As far as I know, there are several ways to solve a linear regression with computers. Here is a summary.

- Native close form solution: just . We can always solve that inverse matrix. It works fine for small dataset but to inverse a large matrix might be very computations expensive.
- QR decomposition: this is the default method in R when you run lm(). In short, QR decomposition is to decompose the X matrix to
*X*=*QR*where Q is an orthogonal matrix and R is an upper triangular matrix. Therefore, and then then then . Because R is a upper triangular matrix then we can get beta directly after computing Q'Y. (More details) - Regression anatomy formula: my boss mentioned it (thanks man! I never notice that) and I read the book
*Mostly Harmless Econometrics*again today, on page 36 footnote, there is the regression anatomy formula. Basically if you have solved a regression already and just want to add an additional control variable, then you can follow this approach to make the computation easy.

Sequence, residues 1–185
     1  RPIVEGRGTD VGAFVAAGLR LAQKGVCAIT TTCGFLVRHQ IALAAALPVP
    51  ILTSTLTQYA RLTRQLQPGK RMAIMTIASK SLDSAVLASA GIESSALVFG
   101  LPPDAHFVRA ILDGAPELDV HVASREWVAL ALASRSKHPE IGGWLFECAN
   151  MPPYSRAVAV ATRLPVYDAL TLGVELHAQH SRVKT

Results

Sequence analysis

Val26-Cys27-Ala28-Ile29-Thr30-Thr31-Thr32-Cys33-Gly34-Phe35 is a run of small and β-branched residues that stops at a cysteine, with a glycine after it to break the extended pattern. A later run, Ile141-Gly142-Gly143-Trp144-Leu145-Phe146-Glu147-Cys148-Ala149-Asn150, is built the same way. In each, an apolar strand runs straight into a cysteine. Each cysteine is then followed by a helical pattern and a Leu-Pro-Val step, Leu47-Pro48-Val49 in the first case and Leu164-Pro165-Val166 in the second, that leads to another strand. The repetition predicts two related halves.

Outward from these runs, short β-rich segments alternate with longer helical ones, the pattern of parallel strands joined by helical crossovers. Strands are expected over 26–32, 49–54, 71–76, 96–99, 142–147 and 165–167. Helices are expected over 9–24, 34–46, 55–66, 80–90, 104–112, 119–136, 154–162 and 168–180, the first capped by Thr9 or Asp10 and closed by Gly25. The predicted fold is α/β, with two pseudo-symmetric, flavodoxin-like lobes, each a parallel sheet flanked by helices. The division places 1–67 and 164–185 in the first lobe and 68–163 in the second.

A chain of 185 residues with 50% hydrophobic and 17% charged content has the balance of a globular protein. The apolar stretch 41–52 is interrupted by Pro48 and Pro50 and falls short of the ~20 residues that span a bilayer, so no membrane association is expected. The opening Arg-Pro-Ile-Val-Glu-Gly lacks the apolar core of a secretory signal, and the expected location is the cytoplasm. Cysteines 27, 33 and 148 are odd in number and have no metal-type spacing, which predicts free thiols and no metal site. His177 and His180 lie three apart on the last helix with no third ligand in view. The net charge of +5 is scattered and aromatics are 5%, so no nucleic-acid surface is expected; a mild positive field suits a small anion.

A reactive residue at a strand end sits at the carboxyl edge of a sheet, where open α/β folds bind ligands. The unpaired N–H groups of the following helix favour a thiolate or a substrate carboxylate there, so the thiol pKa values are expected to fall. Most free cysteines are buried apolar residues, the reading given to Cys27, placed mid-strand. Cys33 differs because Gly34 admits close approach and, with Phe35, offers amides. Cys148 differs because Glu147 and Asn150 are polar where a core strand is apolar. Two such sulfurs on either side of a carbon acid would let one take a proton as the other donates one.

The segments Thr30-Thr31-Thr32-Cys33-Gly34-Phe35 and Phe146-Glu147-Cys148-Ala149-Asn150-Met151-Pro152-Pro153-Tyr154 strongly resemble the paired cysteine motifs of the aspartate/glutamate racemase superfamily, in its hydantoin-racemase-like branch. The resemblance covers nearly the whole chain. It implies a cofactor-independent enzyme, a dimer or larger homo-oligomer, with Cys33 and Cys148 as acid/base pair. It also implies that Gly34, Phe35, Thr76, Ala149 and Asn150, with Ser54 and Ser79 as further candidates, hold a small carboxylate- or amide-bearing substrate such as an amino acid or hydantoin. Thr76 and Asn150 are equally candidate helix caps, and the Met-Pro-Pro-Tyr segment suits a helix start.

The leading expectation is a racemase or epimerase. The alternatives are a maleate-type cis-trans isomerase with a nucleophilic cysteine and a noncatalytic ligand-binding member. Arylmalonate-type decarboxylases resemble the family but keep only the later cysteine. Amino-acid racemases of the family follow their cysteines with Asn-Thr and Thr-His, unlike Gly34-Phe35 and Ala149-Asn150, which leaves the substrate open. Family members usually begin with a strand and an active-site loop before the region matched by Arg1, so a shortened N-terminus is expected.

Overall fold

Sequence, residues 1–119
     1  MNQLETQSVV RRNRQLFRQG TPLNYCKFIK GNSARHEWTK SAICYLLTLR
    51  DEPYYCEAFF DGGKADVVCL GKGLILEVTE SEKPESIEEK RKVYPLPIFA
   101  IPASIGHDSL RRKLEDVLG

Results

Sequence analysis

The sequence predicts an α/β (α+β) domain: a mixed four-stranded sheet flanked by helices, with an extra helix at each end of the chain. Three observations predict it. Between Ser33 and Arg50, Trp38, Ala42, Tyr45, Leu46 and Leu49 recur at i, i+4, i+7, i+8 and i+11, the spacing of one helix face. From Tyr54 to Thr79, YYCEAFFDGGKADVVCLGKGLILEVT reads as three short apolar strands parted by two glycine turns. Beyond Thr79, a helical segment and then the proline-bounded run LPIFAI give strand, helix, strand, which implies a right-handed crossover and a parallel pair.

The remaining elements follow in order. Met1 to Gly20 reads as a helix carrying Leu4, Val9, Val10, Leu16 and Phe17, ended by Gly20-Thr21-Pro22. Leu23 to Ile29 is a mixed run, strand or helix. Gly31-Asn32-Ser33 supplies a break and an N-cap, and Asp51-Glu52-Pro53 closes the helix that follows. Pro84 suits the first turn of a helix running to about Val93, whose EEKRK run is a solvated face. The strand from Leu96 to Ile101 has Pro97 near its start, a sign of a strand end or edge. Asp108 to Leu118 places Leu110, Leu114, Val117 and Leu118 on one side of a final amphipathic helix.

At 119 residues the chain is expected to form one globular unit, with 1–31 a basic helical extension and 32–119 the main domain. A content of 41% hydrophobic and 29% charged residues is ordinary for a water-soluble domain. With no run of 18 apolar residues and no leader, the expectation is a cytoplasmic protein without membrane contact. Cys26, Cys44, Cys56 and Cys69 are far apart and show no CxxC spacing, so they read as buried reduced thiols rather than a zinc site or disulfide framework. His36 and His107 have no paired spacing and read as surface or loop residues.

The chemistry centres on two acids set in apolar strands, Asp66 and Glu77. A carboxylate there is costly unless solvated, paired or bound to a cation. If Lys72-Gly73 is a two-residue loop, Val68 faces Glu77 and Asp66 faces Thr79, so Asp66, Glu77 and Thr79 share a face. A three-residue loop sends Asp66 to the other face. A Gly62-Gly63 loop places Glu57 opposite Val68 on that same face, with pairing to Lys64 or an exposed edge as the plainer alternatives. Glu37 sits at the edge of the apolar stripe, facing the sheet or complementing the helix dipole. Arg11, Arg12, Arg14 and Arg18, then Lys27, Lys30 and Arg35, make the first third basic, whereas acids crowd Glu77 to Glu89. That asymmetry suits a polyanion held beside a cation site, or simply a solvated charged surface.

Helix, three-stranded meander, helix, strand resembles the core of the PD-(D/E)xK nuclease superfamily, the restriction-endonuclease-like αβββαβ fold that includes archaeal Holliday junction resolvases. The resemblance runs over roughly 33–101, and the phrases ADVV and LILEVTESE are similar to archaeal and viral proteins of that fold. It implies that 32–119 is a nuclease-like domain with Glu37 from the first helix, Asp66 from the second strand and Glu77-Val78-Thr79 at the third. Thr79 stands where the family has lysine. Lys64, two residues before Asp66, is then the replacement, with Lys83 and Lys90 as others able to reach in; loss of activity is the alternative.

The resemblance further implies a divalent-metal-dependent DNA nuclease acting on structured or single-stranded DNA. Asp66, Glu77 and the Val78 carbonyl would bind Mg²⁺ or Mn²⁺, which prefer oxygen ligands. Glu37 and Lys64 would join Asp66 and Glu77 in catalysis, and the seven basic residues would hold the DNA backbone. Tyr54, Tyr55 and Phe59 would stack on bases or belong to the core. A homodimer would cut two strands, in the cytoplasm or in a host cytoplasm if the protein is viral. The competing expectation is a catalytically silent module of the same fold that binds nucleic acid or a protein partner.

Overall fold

Especially if you have already computed a simple A/B test (i.e. only one dummy variable on the right hand side), then you can obtain such residues directly without running a real regression and then compute the estimate for your additional control variables straightforwardly. The variance estimate also follows. - Bootstrap: in most case bootstrap is expensive because you need to re-draw repeatably from your sample. However, if it is a very large data and it is naturally distribution over a parallel file distribution system (e.g. Hadoop), then draw from each node could be the best map-reduce strategy you may adopt in this case. As far as I know, the rHadoop package accommodates such idea for their parallel lm() function (or map-reduce algorithm).

Any other ways?